You can hear two versions of this story: Long version (5:24 minutes) Short version (4:25 minutes)

http://www.kealiireichel.com/



Drop-Ins (2:00-4:59)

This I Believe - Yo-Yo Ma

From This I Believe | Part of the This I Believe series | 03:06

Cellist Yo-Yo Ma believes in embracing many cultures and finding something to love in each of them. From This I Believe.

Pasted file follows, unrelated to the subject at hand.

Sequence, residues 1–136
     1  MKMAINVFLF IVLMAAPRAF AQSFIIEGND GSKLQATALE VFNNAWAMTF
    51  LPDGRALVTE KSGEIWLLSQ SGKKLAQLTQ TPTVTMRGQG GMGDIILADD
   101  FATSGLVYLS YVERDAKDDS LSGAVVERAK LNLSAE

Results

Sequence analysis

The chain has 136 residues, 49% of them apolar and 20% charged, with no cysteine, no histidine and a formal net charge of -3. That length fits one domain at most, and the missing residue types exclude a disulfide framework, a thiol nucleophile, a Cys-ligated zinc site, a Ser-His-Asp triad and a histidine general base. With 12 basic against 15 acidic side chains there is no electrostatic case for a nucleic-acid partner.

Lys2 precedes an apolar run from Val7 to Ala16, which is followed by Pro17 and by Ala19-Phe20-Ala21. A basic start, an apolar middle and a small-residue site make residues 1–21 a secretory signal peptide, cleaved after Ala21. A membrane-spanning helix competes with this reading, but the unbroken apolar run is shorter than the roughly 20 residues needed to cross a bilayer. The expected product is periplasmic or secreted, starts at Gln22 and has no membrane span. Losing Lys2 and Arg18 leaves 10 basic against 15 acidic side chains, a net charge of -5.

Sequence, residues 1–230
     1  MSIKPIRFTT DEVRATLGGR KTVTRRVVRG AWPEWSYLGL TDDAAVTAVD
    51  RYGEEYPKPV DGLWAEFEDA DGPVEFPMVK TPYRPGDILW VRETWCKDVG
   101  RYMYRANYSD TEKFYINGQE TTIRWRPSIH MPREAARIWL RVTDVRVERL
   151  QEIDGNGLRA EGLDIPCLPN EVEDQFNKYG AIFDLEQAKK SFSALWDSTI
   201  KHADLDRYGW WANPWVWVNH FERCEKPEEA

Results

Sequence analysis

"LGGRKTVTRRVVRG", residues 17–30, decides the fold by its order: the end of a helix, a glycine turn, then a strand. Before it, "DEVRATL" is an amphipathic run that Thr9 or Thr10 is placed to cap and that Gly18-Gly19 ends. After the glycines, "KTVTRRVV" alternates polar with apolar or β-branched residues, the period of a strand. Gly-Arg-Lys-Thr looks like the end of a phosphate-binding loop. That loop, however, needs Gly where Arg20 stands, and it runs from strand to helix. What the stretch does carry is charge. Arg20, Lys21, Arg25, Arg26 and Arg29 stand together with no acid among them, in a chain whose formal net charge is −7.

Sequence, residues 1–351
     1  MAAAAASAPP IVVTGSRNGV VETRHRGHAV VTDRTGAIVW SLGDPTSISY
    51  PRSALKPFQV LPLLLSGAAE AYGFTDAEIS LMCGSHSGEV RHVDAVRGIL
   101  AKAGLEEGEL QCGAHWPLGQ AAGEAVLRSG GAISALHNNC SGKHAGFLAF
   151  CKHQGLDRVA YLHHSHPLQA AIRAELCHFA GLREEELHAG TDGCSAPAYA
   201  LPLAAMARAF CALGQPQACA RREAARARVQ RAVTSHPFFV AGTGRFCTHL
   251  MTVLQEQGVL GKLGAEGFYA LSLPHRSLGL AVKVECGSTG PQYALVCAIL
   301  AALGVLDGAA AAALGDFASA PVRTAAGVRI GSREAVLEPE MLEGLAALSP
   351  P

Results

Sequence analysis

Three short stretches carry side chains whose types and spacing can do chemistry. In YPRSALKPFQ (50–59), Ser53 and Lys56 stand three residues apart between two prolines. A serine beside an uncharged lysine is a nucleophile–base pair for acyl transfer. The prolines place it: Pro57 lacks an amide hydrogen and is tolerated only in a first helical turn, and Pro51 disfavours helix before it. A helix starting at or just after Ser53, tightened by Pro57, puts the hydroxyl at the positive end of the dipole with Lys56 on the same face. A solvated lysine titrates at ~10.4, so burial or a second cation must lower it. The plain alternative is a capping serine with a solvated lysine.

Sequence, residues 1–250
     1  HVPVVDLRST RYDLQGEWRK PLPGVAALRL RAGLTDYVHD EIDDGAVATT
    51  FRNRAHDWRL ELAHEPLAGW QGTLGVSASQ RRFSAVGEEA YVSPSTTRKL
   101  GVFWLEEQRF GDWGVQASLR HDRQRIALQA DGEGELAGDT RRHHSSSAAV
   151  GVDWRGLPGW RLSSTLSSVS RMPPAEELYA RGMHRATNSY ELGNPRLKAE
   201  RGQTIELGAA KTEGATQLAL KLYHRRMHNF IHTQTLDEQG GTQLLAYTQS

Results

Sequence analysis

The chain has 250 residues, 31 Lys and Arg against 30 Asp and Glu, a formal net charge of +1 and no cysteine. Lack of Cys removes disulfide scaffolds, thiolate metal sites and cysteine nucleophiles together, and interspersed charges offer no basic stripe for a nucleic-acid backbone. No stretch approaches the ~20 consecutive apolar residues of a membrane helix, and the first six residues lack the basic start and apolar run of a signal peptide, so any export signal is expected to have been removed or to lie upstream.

Tiblogosmall_small HOST: For our This I Believe essay today, we hear from one of the world's most accomplished and versatile musicians, the cellist Yo-Yo Ma. The recipient of 15 Grammy Awards, Yo-Yo Ma has the ability to speak, musically, to audiences all over the world. The range of his musical interest is echoed in his belief in crossing borders, boundaries, and even identity. Here is Yo-Yo Ma with his essay for This I Believe. MA: I believe in the infinite variety of human expression. I grew up in three cultures: I was born in Paris, my parents were from China and I was brought up mostly in America. When I was young, this was very confusing: everyone said that their culture was best, but I knew they couldn't all be right. I felt that there was an expectation that I would choose to be Chinese or French or American. For many years I bounced among the three, trying on each but never being wholly comfortable. I hoped I wouldn't have to choose, but I didn't know what that meant and how exactly to "not choose." However, the process of trying on each culture taught me something. As I struggled to belong, I came to understand what made each one unique. At that point, I realized that I didn't need to choose one culture to the exclusion of another, but instead I could choose from all three. The values I selected would become part of who I was, but no one culture needed to win. I could honor the cultural depth and longevity of my Chinese heritage, while feeling just as passionate about the deep artistic traditions of the French and the American commitment to opportunity and the future. So, rather than settling on any one of the cultures in which I grew up, I now choose to explore many more cultures and find elements to love in each. Every day I make an effort to go toward what I don't understand. This wandering leads to the accidental learning that continually shapes my life. As I work in music today, I try to implement this idea-that the music I play, like me, doesn't belong to only one culture. In recent years, I have explored many musical traditions. Along the way, I have met musicians who share a belief in the creative power that exists at the intersection of cultures. These musicians have generously become my guides to their traditions. Thanks to them and their music I have found new meaning in my own music making. It is extraordinary the way people, music and cultures develop. The paths and experiences that guide them are unpredictable. Shaped by our families, neighborhoods, cultures and countries, each of us ultimately goes through this process of incorporating what we learn with who we are and who we seek to become. As we struggle to find our individual voices, I believe we must look beyond the voice we've been assigned, and find our place among the tones and timbre of human expression.